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Homeless health scare

August 31 2014
Homeless people are less likely to get the medical help they need (© Homeless Link) Homeless people are less likely to get the medical help they need (© Homeless Link)
A worrying number of people who are sleeping rough are not receiving the medical attention they need, according to Homeless Link.

A worrying number of people who are sleeping rough are not receiving the medical attention they need, according to a report by Homeless Link.

The unhealthy state of homelessness: Health audit results 2014 suggests that seven per cent of homeless people (approximately 77,000 people, according to official statistics) have been denied access to a GP or a dentist over the past 12 months.

It also shows a large number of homeless people believe they are not receiving the help they need for their own health problems.

Almost half of those with physical health problems believe they need more help than they are getting, while a similar percentage of those living with mental health issues believe they are in need of more help.

The report also reveals that more than seven in 10 homeless people are living with one or more physical health problems and four out of five participants in the study indicated they had mental health issues.

These figures are significantly higher than the general public; just 28 per cent of the general population are said to have a long-term physical health problem, while 41 per cent of the homeless community reported the same. Meanwhile, the percentage of the general population diagnosed with a mental health issue is 20 per cent less than those who are homeless.

In response to the study, the Homeless Link’s chief executive, Rick Henderson, has called for more cooperation to help tackle the health issue:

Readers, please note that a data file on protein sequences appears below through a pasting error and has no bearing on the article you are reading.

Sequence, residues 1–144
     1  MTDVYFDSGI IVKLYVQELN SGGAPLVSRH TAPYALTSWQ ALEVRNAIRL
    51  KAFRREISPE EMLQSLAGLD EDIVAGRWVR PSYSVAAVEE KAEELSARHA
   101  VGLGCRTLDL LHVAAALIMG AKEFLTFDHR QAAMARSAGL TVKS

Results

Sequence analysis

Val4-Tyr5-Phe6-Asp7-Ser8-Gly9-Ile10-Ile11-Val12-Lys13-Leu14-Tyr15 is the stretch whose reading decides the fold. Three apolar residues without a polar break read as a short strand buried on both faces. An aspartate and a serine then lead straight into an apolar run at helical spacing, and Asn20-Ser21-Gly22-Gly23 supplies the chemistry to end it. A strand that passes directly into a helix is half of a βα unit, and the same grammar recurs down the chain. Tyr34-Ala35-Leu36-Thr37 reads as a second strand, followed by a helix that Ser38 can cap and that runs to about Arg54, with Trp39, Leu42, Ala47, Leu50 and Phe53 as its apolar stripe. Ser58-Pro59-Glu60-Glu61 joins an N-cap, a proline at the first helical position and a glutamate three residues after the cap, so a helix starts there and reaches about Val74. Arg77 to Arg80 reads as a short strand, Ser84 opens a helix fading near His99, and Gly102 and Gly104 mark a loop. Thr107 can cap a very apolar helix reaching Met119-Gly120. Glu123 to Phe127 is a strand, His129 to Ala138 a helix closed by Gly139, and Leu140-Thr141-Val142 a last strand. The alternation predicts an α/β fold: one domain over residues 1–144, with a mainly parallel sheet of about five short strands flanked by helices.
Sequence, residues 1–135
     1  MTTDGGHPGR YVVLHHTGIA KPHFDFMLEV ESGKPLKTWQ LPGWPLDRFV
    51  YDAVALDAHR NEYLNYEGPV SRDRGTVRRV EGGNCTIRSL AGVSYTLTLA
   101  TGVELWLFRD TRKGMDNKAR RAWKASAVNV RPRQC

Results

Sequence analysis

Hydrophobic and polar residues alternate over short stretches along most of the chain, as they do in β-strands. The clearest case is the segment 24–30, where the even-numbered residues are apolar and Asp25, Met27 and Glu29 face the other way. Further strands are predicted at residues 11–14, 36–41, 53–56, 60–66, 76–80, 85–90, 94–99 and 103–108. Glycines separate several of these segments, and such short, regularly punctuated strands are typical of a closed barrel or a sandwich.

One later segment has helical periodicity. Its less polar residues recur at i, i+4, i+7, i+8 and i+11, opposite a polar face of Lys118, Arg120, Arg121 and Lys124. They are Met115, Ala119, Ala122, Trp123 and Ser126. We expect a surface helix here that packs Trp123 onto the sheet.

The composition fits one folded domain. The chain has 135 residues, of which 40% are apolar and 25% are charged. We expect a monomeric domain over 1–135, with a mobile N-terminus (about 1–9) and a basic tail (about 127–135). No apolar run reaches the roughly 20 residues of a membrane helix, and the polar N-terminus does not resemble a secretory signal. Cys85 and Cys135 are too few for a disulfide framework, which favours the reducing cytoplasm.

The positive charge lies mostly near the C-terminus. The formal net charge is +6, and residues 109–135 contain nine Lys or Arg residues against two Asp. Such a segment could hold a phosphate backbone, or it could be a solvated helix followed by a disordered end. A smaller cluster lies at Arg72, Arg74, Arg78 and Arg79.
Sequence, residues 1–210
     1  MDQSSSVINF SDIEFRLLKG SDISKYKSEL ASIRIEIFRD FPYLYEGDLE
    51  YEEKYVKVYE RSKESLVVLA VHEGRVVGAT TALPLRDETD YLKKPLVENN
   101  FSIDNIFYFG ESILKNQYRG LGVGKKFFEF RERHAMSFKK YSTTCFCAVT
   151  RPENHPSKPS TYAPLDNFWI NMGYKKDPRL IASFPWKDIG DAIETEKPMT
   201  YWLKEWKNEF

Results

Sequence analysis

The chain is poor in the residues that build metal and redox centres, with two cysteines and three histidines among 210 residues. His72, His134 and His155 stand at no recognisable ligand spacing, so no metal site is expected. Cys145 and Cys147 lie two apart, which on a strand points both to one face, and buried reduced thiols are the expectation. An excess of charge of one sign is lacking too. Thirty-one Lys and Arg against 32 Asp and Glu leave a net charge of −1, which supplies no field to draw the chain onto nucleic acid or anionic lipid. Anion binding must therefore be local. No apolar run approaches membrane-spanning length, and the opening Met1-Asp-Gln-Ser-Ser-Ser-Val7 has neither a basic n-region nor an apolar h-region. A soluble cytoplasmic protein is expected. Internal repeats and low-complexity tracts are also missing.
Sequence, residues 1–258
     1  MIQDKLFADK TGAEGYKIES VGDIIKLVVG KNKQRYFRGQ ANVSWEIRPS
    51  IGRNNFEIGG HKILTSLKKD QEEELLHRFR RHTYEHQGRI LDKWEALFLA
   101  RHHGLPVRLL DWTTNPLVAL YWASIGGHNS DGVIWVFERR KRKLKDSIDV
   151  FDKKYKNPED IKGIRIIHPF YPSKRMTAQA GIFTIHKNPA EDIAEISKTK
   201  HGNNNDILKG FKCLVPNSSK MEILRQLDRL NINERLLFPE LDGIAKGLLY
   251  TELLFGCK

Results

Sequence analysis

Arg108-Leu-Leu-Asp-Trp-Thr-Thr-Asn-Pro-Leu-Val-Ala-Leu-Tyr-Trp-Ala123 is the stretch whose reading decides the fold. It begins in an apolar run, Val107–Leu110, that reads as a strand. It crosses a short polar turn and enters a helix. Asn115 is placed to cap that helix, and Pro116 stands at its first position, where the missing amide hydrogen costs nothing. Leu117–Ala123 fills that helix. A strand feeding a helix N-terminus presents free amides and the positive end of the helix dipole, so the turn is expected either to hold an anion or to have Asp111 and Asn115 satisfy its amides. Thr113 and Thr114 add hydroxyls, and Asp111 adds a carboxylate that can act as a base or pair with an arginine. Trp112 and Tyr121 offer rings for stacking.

He said: “The link between not having a home and experiencing illness is clear, and homelessness must be recognised as a public health issue across the health system. This means working in partnership with charities to better identify an individual’s housing situation and taking action early to prevent health problems getting worse.

“We know that when this happens, significant improvements can be made to people’s wellbeing. It also reduces the impact on the public purse. We are calling for the political and financial backing to ensure this continues.”

On the back of the report, Homeless Link has made a number of recommendations for that better care. The report calls for “all homelessness services to support clients to ensure that they are registered with GP, dental and optician services and receive an assessment” in order to try and provide those in need with the same support as the general public.

The report also suggested that primary care services should be better integrated with the other services homeless patients require to regain and maintain their health, such as substance use services, welfare advice, adequate accommodation or hospital in-reach.

At present, homeless people are four times more likely to need help from acute NHS services than the general population, costing around £85m per year.

The introduction of more joined-up services is likely to help reduce the risk of homeless people continuously requiring help for similar reasons, leading to an increase in an individual’s general health, while simultaneously saving the NHS money.

Earlier this year, Healthwatch England launched an inquiry into so-called “unsafe discharge” from hospital of vulnerable people. Their evidence so far includes stories of seriously ill homeless people sent back to the streets, or to unsuitable accommodation.

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